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Your TV Shows and Movies Will Soon Be Filmed by Drone

Today the Federal Aviation Administration granted exemptions to six aerial photo and video production companies, allowing those companies to use unmanned aerial vehicles (UAVs) or drones to operate over US airspace, and in populated areas.

That’s right, Hollywood is getting drones.

Previously, the use of drones for commercial purposes has been defacto banned by the FAA, making this decision a big one. “Today’s announcement is a significant milestone in broadening commercial UAS use while ensuring we maintain our world-class safety record in all forms of flight,” said Secretary Anthony Foxx in a press release.

But the decision doesn’t mean that anyone with a quadcopter and a camera will be able to start autonomous filming. Only six aerial photo and video production companies were granted the exemptions that had kept US airspace relatively drone-free, even though those companies’ exemptions were lobbied for by the Motion Picture Association of America.

And new regulations come along with the FAA announcement: all operators will need private pilot certificates, operators will have to be able to see their drone at all times, and the drones will only be able to fly over areas of the set that are “sterile” (100 feet away from people). Additionally, the drones won’t be able to fly at night and must be inspected prior to taking off.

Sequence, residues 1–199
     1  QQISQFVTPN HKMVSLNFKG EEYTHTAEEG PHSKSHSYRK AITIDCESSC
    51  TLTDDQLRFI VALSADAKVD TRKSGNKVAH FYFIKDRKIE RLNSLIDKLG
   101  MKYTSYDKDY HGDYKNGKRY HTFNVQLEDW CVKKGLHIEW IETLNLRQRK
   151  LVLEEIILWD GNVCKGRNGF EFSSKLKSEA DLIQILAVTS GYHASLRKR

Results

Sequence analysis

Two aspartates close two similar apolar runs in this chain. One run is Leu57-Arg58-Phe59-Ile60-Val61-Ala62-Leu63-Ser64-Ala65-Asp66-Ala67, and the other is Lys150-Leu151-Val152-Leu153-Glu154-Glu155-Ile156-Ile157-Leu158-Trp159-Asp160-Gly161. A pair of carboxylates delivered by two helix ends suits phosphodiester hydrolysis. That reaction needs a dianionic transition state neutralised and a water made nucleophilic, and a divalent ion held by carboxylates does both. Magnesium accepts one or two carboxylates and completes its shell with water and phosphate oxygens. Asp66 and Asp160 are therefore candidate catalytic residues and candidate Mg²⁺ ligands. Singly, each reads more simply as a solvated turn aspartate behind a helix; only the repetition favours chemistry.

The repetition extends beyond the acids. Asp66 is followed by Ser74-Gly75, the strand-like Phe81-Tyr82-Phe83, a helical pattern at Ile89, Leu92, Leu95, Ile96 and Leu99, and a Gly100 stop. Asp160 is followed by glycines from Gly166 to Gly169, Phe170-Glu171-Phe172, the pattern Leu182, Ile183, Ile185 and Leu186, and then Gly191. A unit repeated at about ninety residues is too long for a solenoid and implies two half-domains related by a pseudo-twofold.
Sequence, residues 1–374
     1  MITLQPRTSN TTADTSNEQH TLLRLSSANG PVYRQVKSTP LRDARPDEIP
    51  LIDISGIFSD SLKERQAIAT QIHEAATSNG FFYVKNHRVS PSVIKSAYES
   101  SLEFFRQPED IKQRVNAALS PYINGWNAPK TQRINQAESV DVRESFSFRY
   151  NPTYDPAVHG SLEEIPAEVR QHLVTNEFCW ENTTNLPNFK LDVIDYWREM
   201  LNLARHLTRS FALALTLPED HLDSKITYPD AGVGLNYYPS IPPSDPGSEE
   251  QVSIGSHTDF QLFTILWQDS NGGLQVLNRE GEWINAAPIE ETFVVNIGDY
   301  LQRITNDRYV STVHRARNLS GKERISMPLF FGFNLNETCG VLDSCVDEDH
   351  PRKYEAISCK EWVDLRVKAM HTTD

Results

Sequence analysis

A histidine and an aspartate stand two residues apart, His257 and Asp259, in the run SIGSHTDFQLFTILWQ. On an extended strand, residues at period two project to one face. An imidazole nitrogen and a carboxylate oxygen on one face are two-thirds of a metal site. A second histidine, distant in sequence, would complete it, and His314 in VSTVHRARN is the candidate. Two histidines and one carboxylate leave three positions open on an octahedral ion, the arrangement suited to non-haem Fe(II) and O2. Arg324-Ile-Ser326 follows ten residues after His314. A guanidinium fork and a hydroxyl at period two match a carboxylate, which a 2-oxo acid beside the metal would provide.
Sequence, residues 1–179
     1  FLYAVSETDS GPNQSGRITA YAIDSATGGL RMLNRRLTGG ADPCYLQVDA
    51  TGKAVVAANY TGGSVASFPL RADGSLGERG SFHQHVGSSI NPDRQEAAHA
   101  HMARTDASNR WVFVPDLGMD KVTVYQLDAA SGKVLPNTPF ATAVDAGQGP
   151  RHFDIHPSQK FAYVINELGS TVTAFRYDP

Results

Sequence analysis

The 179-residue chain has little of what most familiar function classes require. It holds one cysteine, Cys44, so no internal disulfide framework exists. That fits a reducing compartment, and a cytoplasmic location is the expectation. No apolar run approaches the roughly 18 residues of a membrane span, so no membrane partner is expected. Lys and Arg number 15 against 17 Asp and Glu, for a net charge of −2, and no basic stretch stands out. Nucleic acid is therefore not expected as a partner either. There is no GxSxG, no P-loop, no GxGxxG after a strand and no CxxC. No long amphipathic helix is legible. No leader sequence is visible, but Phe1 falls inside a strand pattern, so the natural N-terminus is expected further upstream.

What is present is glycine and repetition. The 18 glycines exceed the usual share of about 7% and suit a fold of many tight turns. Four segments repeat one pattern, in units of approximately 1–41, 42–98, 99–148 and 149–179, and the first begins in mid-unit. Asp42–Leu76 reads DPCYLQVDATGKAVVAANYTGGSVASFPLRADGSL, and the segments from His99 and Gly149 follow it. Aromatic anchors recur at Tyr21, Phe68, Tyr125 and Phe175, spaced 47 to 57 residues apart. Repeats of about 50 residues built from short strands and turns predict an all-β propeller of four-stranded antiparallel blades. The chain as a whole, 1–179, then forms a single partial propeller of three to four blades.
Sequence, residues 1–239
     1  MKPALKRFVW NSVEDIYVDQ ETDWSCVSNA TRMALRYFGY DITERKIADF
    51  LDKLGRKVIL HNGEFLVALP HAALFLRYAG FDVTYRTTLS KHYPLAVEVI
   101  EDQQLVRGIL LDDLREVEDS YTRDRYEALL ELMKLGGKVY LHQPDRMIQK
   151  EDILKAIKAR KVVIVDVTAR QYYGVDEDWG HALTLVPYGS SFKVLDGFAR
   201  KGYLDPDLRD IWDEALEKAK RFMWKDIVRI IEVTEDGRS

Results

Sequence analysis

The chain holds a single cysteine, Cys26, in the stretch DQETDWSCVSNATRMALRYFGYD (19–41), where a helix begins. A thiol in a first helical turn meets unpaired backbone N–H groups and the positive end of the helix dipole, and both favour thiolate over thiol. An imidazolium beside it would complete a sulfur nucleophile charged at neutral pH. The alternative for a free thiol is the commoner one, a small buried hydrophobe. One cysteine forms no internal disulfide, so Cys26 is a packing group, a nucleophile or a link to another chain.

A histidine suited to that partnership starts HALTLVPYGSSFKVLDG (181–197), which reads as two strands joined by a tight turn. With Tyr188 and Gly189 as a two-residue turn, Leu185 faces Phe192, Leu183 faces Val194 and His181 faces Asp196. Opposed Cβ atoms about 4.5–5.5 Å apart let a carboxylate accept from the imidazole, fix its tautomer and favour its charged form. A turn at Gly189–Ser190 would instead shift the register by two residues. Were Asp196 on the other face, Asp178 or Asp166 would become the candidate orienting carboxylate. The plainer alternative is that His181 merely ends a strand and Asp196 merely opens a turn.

These drones will still be fairly robust. The Washington Post reports that “the camera-bearing drones would weigh less than 55 pounds…They would fly no faster than 57 mph and no higher than 400 feet to ensure that they do not interfere with other aircraft.”

As revelatory as allowing commercial drones in US airspace sounds (you can fly your own drone if it stays below 400 feet and 5 miles from an airport), these won’t be the first drones to make a movie. The drone operators on the set of The November Man told Nerdist that their production was likely the first to have a fully-dedicated drone team on set at all times (though they were flying over Serbia).

Making movies adds to the increasingly long list of stuff-drones-do-besides-war, including aiding scientific research, tracking endangered species, making awesome Cirque du Soliel shows, and aiding in natural disaster reconnaissance. So don’t mind the small four-rotored robot above your head, it might be making Avengers: Age of Reboot.

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Comments

  1. Qz says:

    WTF! My youtube channel can’t make money off of the drone we own but hollywood can? Thanks money!